Every now and then, every business, large and small alike, will have to deal with unhappy customers. Even the best companies know there is truth to the old adage, ‘You can’t please everyone”. While you can strive for 100% customer satisfaction (and you should!) most likely you’ll come across difficult, unpleasant customer.
Every case is different, but there are a few key things to keep in mind. Your primary goal is to diffuse the tense situation and attempt to appease the customer, while sticking to your company’s policy as much as possible.
First things first-
1. Remain calm and never argue back with a customer.
Don’t take the situation personally, even though it may feel that way. Keep your voice low, and keep speech at a slow, even rate. This will help you remain control of how you are expressing yourself. Demonstrating control is key with dealing with a demanding, difficult person. Be strong but respectful in the manner in which you speak.
2. Genuinely & actively listen.
It’s natural to want to tune out a difficult customer. No one likes to be scolded, argued with or yelled at. It’s critical to remain professional and keep your composure, regardless of how unreasonable the customer is behaving. Hear them out fully before responding and resist interjecting and interrupting them.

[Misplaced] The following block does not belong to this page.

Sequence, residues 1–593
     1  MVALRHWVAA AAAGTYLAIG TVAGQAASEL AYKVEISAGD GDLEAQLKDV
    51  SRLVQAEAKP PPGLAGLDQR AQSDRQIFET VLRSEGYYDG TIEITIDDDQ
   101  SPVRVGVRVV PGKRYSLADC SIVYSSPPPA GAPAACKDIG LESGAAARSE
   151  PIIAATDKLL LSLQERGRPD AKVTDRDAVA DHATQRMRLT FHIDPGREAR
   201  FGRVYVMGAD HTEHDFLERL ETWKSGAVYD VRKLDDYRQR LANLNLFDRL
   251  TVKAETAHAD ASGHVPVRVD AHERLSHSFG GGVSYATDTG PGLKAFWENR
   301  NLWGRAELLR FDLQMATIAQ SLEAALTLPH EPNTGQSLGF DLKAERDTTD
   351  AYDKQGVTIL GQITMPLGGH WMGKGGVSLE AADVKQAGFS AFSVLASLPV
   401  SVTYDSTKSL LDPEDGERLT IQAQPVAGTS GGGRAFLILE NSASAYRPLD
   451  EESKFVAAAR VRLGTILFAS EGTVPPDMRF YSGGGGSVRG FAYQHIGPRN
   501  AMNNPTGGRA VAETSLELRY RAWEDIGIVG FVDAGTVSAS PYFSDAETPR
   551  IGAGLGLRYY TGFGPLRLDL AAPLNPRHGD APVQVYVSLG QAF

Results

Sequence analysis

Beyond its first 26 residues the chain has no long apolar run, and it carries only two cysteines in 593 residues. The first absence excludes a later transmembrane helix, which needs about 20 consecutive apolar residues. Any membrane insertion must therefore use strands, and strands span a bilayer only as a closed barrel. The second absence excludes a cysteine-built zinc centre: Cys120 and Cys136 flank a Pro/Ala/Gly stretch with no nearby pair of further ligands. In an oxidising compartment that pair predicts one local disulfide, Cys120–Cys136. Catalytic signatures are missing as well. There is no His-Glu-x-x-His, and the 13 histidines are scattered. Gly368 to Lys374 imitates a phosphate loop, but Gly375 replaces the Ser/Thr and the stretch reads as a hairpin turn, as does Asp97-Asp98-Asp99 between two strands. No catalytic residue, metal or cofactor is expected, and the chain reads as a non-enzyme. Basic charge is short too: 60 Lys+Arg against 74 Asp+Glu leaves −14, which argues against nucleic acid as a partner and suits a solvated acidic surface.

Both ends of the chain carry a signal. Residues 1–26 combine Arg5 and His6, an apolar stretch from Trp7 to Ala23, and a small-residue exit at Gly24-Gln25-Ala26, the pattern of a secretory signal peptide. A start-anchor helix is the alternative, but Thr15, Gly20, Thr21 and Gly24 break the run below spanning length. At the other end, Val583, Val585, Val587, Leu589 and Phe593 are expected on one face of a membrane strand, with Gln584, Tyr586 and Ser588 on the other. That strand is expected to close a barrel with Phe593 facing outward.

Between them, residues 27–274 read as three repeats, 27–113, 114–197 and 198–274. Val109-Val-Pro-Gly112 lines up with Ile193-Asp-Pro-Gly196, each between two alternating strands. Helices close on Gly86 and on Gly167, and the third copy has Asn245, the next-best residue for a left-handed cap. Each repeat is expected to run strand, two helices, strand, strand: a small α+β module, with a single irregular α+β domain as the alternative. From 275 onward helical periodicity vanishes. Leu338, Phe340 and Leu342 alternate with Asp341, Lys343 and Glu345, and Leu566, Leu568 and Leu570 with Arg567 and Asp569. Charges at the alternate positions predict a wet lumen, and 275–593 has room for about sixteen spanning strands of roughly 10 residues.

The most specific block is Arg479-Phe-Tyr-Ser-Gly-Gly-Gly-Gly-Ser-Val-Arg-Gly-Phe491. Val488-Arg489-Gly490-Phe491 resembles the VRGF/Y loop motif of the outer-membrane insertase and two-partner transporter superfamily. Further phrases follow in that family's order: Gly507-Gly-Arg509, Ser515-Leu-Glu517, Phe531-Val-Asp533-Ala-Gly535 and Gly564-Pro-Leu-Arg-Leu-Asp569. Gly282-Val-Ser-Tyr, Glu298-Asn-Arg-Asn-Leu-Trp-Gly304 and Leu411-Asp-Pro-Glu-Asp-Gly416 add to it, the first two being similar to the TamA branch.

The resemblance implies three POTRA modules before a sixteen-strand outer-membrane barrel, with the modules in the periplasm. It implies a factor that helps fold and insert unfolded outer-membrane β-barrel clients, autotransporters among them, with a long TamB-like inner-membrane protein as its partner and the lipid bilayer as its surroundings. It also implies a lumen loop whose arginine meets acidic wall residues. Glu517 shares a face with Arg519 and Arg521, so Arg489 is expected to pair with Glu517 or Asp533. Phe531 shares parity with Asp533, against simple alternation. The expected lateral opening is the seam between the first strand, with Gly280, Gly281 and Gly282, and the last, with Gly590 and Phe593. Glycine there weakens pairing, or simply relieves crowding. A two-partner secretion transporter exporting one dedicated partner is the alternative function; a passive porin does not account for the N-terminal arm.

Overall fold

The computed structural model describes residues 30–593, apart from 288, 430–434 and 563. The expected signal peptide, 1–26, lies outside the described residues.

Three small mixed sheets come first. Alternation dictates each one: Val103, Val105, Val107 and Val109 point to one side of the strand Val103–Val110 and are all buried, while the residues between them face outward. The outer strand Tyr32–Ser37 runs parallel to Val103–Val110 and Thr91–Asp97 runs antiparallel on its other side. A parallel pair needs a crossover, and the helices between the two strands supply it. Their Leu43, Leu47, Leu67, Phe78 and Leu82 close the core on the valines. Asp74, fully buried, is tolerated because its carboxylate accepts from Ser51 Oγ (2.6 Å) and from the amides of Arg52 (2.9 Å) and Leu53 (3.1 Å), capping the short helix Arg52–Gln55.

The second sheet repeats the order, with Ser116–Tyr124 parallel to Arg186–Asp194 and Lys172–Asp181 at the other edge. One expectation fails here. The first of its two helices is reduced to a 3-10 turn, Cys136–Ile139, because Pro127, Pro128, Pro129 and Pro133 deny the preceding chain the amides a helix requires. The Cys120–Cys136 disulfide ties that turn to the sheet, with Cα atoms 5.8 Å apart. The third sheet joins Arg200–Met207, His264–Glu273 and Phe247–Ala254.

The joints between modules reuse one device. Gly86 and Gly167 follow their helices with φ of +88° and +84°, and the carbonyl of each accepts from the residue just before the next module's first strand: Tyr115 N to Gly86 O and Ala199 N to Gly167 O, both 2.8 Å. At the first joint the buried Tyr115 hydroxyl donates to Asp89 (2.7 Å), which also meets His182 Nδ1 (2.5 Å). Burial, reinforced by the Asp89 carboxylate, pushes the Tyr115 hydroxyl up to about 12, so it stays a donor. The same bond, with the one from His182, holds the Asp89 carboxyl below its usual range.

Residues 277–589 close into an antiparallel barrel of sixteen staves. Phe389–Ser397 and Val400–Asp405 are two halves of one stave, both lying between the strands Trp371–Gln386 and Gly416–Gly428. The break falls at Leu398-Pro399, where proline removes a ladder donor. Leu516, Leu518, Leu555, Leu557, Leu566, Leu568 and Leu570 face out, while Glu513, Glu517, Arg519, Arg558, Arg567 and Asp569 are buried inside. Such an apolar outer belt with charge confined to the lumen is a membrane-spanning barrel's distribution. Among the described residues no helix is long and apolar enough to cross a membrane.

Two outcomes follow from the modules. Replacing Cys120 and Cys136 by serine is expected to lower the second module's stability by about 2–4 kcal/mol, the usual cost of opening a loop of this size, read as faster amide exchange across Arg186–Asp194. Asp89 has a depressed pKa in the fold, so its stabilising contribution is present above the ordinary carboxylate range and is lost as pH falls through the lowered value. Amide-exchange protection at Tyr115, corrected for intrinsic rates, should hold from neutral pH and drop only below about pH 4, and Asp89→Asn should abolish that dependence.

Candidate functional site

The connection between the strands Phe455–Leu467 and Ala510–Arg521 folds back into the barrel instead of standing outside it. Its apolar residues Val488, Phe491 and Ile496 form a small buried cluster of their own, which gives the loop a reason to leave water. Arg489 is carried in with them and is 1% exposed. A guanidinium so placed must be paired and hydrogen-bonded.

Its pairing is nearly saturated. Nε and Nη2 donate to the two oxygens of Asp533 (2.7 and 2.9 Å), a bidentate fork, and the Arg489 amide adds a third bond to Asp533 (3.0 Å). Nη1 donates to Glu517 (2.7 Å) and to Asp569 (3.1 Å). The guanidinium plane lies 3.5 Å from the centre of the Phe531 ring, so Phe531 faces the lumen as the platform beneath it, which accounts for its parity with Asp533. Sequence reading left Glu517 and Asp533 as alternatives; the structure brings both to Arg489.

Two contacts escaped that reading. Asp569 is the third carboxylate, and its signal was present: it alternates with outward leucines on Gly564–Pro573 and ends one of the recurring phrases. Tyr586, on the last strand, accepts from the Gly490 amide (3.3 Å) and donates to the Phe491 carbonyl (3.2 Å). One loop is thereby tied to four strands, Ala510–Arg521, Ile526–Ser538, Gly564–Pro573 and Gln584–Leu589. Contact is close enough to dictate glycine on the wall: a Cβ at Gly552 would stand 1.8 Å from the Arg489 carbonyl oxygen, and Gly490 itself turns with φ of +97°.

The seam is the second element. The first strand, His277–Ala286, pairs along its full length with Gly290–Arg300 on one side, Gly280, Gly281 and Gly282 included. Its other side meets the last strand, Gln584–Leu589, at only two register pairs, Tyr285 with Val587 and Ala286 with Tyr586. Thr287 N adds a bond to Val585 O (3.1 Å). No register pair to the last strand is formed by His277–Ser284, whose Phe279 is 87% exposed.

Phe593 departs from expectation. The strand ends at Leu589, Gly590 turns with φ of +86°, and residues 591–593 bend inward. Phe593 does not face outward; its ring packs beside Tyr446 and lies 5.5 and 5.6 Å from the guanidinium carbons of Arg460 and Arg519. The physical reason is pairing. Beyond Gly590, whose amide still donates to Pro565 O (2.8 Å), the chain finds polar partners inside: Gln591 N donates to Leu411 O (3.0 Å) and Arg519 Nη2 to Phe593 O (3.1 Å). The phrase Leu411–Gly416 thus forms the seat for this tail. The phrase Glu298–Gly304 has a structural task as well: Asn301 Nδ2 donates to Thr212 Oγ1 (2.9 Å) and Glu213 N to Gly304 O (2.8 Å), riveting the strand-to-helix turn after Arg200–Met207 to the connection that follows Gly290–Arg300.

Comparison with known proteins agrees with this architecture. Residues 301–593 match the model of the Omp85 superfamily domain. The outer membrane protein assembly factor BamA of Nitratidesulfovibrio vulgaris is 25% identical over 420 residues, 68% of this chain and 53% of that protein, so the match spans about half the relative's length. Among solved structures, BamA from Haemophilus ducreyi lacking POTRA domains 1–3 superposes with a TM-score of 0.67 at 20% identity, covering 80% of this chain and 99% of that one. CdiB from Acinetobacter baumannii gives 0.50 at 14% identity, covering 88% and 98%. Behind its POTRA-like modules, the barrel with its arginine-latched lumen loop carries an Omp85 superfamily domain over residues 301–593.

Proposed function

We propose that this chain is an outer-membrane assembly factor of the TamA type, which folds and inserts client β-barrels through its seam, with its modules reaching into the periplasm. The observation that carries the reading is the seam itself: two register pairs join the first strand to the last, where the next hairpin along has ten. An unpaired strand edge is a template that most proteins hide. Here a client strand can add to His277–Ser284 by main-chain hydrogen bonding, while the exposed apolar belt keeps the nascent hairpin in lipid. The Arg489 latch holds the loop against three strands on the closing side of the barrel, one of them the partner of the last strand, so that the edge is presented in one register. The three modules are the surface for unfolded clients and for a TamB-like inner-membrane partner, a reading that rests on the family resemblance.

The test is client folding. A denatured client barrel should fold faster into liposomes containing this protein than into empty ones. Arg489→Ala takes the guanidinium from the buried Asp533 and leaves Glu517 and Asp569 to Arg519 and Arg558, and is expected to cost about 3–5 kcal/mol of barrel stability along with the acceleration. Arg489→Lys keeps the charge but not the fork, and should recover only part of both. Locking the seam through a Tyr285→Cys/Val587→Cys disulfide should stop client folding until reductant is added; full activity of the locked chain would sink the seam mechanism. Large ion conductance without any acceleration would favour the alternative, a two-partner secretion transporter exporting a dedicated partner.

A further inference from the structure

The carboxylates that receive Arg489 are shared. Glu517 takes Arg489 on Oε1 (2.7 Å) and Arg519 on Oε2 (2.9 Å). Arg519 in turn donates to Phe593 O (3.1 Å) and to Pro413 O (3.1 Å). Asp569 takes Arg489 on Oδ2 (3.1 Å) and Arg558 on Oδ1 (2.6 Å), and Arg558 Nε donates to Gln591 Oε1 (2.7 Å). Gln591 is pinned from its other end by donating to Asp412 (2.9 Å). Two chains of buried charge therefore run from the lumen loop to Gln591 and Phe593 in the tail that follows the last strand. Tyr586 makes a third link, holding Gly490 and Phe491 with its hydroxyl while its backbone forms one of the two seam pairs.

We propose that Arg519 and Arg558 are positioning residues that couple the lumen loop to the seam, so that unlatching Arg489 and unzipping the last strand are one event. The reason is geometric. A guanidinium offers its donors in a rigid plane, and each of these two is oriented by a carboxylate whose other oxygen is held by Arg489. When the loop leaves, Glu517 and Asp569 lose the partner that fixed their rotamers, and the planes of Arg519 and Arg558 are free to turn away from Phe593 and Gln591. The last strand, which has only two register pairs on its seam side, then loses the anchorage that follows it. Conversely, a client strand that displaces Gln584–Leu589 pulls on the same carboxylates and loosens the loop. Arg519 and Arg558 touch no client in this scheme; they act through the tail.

3. Offer support & sympathy.
Odds are the customer has at least a somewhat valid reason for being upset. Don’t disregard the issue altogether because they aren’t presenting it in a reasonable manner. Start by offer a sincere apology that they are unsatisfied with the service or product. Express to them that it’s not your company’s standard.
4. Give them as many options as possible.
Hopefully, you’ll be able to find a compromise and satisfy the customer by offering a couple of different solutions. However, don’t make empty promises. If you can’t help the customer or solve their problem yourself, find someone who can.
5. Let them “win”.
When all else fails, it’s best to surrender. Sometimes, this is the only way to put an end to the confrontation. But, it’s still a calculated move on your part. What tends to happen is the customer will begin to relax and even take some blame for what went wrong. That’s a typical human reaction when we are allowed to “win”.
Bottom line, never treat any customer as expendable. Their satisfaction and repeat business is critical to the success of any business. Do all you can to make the best of an unpleasant situation. It’s what separates a good business, from a great business!